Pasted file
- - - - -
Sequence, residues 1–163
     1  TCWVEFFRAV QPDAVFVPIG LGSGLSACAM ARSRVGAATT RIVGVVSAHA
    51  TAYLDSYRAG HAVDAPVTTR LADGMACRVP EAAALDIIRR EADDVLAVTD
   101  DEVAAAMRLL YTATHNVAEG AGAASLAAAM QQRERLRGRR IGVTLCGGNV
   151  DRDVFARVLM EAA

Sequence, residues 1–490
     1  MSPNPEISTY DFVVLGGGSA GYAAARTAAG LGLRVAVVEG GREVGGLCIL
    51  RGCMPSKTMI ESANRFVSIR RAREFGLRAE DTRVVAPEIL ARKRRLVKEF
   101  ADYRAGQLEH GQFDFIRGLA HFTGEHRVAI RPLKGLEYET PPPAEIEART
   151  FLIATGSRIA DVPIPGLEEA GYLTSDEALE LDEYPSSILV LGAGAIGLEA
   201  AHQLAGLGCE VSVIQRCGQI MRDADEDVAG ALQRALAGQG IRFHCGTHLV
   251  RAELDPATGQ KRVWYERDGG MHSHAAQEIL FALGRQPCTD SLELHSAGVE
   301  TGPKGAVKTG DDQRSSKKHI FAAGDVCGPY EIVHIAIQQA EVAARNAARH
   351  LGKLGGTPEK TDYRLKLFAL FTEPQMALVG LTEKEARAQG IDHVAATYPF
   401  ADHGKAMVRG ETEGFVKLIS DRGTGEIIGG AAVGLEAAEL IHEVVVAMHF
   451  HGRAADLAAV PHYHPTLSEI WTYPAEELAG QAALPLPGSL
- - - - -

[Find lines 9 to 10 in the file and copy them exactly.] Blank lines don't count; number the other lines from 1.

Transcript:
   101  ADYRAGQLEH GQFDFIRGLA HFTGEHRVAI RPLKGLEYET PPPAEIEART
   151  FLIATGSRIA DVPIPGLEEA GYLTSDEALE LDEYPSSILV LGAGAIGLEA